Achieving Robust Reliability with a Challenging Material—Silicon Carbide (SiC)

by  Catherine De Keukeleire  - 02-13-2023 

Silicon Carbide (SiC), one of the most promising semiconductor materials used to manufacture high-power electronic devices, has exceptional physical properties. SiC-based devices offer high saturation electron drift velocity, high thermal conductivity, and high breakdown electric field. Compared to Silicon (Si) MOSFET transistors, systems based on SiC devices can attain very low losses and faster−switching speeds with smaller geometries.

Quality and Reliability Methodology

Engineers at onsemi produced a white paper, Silicon Carbide (SiC) − From Challenging Material to Robust Reliability, introducing the Quality and Reliability methodology deployed from design to mass production. This includes rigorous design methodology, strict production monitoring, manufacturing control, adequate screening, and robust qualification plans that address the unique challenges of developing SiC-based semiconductor devices. The onsemi Quality Statement/Policy fully embeds this approach.

 onsemi Quality Statement/Policy

Figure 1. onsemi Quality Statement/Policy

We must understand the limiting failure modes and mechanisms to eliminate several potential process−related reliability hazards, even within the highest possible degree of reliability designed into the product. Then, we trace them back through failure analysis and feedback loops to process weaknesses and implement permanent corrective actions. The onsemi Quality − Road to Zero Defects (Figure 2) illustrates these programs that describe the general reliability specifications of onsemi.

 onsemi Quality − Road to Zero Defects

Figure 2. onsemi Quality − Road to Zero Defects

Silicon Carbide Challenges

While Silicon Carbide material combines excellent physical properties and attractive design features,  resulting in appealing solutions for manufacturing high-power electronic devices, we must consider several challenges in its design and manufacture. These contribute to superior reliability and robustness in customer mission profiles and application requirements.

Various elements must be combined to successfully and safely bring a semiconductor product to market (Figure 3).

 Definition of Robust Intrinsic and Extrinsic Reliability

Figure 3. Definition of Robust Intrinsic and Extrinsic Reliability

While international standards for Silicon-based semiconductor technologies are well established, well-documented global methodologies for SiC-based are still in development. Multiple sub-teams within JEDEC, AEC, and AQG committees are at work to set a foundation for SiC standards to address this first challenge.

The second SiC technology challenge centers on a physics-based understanding of the degradation failure mechanisms to properly match material performance to the robustness and reliability requirements of customer applications, from automotive to industrial automation. These include:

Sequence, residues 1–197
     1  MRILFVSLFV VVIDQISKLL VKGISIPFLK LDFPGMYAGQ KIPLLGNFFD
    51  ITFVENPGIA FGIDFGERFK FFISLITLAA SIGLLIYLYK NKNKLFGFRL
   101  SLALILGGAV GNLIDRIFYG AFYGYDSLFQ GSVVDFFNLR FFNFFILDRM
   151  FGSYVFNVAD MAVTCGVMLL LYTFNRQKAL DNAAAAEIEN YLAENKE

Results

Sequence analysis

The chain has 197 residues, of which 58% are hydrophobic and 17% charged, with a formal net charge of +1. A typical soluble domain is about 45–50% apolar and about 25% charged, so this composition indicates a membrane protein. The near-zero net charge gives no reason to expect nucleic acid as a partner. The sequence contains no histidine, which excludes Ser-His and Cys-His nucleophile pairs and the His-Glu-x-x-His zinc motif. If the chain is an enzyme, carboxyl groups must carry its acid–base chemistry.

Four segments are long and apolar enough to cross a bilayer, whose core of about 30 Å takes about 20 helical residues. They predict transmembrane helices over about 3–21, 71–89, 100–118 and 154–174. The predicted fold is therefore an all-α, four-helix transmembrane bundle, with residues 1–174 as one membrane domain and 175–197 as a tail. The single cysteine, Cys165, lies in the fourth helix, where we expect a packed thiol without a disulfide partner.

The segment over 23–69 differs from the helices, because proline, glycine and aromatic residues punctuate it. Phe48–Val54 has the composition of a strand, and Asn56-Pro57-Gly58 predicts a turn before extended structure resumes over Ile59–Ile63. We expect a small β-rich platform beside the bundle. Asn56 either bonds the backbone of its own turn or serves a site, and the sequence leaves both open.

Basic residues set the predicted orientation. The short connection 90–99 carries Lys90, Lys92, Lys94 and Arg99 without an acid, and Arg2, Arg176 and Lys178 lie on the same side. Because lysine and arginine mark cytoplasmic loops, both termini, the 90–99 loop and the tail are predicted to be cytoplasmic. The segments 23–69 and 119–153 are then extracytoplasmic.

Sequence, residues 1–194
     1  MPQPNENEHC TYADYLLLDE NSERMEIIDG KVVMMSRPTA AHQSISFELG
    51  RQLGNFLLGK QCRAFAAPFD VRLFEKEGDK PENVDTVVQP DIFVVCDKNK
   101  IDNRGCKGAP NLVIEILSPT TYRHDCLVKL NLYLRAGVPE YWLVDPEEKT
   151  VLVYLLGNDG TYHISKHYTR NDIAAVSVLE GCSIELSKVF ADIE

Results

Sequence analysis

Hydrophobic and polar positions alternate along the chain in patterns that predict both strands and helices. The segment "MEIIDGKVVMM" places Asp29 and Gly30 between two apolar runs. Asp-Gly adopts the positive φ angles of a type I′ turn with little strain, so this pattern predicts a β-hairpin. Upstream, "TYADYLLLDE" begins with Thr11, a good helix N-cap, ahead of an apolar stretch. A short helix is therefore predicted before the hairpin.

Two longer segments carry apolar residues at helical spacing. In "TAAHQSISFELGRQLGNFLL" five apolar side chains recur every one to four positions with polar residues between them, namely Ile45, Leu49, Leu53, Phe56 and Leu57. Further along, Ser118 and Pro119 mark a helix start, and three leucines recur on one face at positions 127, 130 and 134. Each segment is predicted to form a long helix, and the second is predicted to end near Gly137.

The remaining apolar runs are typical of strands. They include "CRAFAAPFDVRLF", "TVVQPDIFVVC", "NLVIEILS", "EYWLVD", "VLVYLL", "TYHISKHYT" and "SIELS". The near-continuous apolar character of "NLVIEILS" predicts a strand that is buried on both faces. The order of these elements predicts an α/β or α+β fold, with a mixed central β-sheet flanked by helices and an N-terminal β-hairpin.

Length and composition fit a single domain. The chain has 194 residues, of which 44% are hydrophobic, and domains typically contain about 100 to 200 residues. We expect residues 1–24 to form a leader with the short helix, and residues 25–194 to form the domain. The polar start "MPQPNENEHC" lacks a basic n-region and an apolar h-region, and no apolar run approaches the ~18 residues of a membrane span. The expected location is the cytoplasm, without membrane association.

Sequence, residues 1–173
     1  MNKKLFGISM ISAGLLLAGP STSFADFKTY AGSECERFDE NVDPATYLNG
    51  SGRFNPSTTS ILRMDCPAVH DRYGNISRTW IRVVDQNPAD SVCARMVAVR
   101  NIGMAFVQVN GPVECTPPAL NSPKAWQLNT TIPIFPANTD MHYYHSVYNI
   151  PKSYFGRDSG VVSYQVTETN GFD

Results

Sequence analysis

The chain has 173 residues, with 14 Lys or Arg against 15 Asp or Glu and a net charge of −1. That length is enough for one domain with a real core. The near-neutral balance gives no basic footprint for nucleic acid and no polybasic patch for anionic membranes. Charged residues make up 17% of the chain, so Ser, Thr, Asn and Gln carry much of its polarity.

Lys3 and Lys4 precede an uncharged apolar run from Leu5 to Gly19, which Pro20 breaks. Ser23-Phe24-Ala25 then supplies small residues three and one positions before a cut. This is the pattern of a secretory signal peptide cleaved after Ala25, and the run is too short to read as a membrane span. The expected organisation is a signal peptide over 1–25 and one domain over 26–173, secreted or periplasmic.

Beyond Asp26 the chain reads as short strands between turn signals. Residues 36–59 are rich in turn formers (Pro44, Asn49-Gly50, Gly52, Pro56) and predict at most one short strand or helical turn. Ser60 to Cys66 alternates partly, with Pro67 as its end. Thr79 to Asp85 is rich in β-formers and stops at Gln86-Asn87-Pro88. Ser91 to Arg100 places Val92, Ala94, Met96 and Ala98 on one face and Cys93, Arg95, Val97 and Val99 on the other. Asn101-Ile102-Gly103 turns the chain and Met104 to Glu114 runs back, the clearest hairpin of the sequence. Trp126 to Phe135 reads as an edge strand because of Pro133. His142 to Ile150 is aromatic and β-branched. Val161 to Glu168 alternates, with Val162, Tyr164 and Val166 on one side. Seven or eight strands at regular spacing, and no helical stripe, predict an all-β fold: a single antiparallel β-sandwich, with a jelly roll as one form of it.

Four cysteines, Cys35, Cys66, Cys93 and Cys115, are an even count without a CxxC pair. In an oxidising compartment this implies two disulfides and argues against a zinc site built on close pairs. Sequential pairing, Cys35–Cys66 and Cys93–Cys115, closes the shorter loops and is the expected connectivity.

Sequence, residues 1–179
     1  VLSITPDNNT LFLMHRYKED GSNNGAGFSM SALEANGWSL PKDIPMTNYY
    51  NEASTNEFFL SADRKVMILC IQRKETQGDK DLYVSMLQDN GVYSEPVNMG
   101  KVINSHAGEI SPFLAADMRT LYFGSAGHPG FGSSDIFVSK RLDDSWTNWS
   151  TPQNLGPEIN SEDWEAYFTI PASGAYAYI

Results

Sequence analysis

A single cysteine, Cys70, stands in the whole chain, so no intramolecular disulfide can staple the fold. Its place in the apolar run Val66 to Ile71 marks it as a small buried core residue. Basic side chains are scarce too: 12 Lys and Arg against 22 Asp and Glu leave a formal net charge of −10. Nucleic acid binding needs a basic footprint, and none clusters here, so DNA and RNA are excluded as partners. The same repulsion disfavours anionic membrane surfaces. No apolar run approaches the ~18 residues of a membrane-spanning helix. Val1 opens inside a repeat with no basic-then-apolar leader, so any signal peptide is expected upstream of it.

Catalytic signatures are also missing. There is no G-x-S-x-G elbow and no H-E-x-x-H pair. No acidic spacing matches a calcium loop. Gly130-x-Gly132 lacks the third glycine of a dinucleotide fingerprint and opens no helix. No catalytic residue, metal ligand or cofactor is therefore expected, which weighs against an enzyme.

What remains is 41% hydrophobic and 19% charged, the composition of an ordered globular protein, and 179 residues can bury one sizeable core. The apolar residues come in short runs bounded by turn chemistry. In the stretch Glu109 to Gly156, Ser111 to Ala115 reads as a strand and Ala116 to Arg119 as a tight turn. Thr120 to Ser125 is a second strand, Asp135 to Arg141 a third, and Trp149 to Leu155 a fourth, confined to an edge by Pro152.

• Substrate and epitaxy defectivity level
  • Gate oxide: intrinsic lifetime modeling (SiC/SiO2 interface characterization) and extrinsic population (screening)
  • Body diode degradation
  • Reliability during high−voltage blocking (HTRB)
  • Application−related performance (avalanche robustness, edge termination, short circuit, ruggedness against cosmic rays, design for high dv/dt ruggedness, surge currents)

For each degradation mechanism, the onsemi approach is rigorous and cross−functional, with the following steps: Control, Improve, Test & Screen, Characterize, and Qualify & Extract Models.

onsemi considers close collaboration with universities and research centers vital to explore the theoretical aspects of semiconductor materials and to add dedicated techniques and complementary skills that may not always be available in the semiconductor industry.

The white paper introduces recent in-depth studies performed at onsemi that focus on the following issues that present critical challenges for semiconductors:

  • Bias Temperature Instability (BTI)
  • Body Diode Degradation
  • Dynamic Stressing

The related publications provide extensive detail into these technical topics and how onsemi SiC technology successfully addresses these challenges with robust and reliable SiC devices.


A rigorous design methodology, strict production monitoring, manufacturing control, adequate screening, and robust qualification plans form the foundation for onsemi to develop robust and reliable high-power silicon carbide products up to 1200 volts.

In this white paper, learn more about how onsemi has developed a comprehensive and cross−functional methodology to assess and safely release SiC products to the market. Check the onsemi EliteSiC product family of products.

Tags:Industrial, Silicon Carbide (SiC)
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